`The barbarian nation of the Huns ... became so great that more than a hundred cities were captured and Constantinople almost came into danger ... and there were so many murders and so much bloodshed that the dead could not be counted. They even captured the churches and monasteries and slaughtered great numbers of monks and nuns.' - Callinicus, describing the Hunnic invasion in the 44os.'
Attila the Hun remains to this day a byword for savagery and destruction. His is one of the few names from antiquity that still prompts instant recognition, putting him alongside the likes of Alexander, Caesar, Cleopatra and Nero. Of these, only Nero has a reputation so wholly negative, for Attila has become the barbarian of the ancient world. All too often his life merges with that of a later - and far more successful - conqueror, Ghengis Khan. The images are of thousands of narrow-eyed men on ponies, pouring out of the Steppes beneath wolf-tail standards to spread blood and ruin, of burning towns and mounds of skulls. At the close of the nineteenth century, first the French, and then more often the British, would dub the Germans as Huns. They did not choose Goth or Vandal, or any of the other names of peoples who could plausibly be seen as ancestors to the modern Germans. In 1914 it was the Hun who `raped' neutral Belgium. It helped that the name was short and catchy, which was highly convenient for slogan writers as well as poets like Kipling. More importantly, it conveyed an image of an enemy utterly opposed to all that was civilised and good.'
Within this stereotype is at least a shadow of the real fear inspired by the Huns in the late fourth and fifth centuries. Some of this was based on race. Huns looked different, even to other barbarians already in contact with Rome. They were short and stocky, with small eyes and faces that seemed almost featureless to Roman observers. Many accounts emphasise their ugliness, although curiously none mention the elongated skulls that a minority of Hunnic men and women sported - a deformity deliberately created by tightly binding a child's head to distort the cranium. No one knows why this was done, although similar practices have been fairly common in other cultures. For once, we are probably right to assume a ritual motive for something we do not understand.'
The Huns appeared alien to Roman and Goth alike. They also seemed terrifyingly ferocious and deadly warriors. Yet they were not invincible. Attila's empire was large, if not quite as extensive as his boasts - and some historians - would have us believe. His armies travelled deep into the Roman provinces spreading destruction, but they could not stay there. Some frontier regions were ceded to him, and more were devastated, but overall his territorial gains from Rome were modest. Attila's empire was also very short-lived, tearing itself apart in the years after his death as his sons squabbled for power and subject peoples rebelled. The Huns themselves are unlikely ever to have been especially numerous, and Attila's great armies seem always to have included a majority of allied warriors, including Goths, Alans and other peoples. Nor were the Huns only ever enemies of Rome. Both the Eastern and Western Empires frequently enlisted bands of Huns who fought very effectively on their behalf.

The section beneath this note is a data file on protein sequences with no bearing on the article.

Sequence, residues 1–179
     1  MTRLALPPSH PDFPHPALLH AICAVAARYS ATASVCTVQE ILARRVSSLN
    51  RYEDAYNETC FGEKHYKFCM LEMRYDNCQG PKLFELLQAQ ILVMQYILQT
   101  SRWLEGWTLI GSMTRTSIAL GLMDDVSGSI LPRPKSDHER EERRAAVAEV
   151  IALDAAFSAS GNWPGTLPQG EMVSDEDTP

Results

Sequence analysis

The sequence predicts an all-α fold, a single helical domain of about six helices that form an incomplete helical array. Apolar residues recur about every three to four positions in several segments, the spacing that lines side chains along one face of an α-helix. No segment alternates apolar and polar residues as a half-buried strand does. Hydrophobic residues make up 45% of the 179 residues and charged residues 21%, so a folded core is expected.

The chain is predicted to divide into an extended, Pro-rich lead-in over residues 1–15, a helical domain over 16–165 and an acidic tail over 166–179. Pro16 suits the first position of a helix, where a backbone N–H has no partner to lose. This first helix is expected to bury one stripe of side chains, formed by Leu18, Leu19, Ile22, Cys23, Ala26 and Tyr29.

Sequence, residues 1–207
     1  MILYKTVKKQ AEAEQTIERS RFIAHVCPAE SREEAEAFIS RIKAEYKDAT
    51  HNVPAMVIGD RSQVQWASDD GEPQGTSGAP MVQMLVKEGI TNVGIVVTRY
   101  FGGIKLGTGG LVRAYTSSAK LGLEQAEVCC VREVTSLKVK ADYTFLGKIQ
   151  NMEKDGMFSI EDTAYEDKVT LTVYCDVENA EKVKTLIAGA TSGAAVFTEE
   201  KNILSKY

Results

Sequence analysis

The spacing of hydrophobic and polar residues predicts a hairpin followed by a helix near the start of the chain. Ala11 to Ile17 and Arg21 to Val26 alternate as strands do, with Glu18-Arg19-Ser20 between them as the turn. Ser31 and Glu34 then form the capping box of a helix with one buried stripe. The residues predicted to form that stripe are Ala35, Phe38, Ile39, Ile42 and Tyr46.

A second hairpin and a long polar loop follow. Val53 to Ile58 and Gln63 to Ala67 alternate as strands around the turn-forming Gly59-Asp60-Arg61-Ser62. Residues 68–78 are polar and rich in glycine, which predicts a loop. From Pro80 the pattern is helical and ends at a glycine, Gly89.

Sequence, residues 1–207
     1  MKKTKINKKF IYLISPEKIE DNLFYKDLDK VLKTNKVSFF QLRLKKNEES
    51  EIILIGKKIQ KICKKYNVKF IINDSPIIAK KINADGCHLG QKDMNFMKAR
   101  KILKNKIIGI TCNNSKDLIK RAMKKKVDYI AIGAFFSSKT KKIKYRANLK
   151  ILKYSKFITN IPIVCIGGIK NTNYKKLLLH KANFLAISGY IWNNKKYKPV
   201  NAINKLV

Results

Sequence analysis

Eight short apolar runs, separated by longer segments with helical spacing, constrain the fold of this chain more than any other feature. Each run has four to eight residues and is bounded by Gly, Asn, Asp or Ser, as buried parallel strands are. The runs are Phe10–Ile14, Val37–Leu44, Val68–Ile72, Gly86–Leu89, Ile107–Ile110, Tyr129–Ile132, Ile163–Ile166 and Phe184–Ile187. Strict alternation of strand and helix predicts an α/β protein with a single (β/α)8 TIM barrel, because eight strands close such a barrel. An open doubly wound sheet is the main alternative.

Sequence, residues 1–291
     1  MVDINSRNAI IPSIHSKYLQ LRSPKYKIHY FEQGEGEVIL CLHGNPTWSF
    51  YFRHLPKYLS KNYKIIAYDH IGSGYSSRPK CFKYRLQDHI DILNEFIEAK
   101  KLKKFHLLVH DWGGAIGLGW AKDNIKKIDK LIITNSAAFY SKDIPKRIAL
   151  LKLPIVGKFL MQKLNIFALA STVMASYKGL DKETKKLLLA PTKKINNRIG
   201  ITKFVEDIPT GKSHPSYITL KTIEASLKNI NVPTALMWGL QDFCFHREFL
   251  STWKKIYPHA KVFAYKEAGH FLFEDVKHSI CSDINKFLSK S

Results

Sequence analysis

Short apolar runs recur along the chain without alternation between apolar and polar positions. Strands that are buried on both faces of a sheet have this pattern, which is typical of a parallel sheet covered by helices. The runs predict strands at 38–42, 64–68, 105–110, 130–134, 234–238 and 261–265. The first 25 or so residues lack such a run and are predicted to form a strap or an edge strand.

Attila the man is a good deal more interesting than the myth. He was not the same as Ghengis Khan, nor were the Huns identical in every way to the Mongols of the Middle Ages. Nomadic peoples do not all conform to a single, unchanging culture. The Huns have been blamed for provoking the barbarian invasions that eventually broke up the Western Empire. They have also been credited with preserving that empire for several decades, postponing its collapse by holding the Germanic tribes in check. There is an element of truth in both claims, but neither is the whole story. Nevertheless, it is fair to say that for a generation the Huns and their kings were the single most powerful force confronting the Romans in Europe.4
From the Steppes to the Danube
For the Romans, the Huns had simply appeared in the fourth century and, in spite of various attempts to link them to groups `known' from classical tradition, they had no real idea of their origin. Nothing has survived from the Huns' own oral culture to tell of their own beliefs in this matter. In the eighteenth century it was suggested that the Huns were the same people as the Hsuing-Nu - Xiongnu is the modern spelling - known from Chinese sources. This powerful confederation of nomadic tribes had posed a serious threat to the borders of China from the end of the third century BC until they were broken up in the late first century AD. Driven away by a resurgent Chinese empire, the survivors were then supposed to have drifted further and further west until they reached the fringes of the Roman world several centuries later. While this remains a possibility, the case is not at all strong. Certainly, the Huns seem to have originated somewhere on the great steppe, but that area of grassland is so vast and contained many different nomadic groups, so that this in itself does not tell us very much.'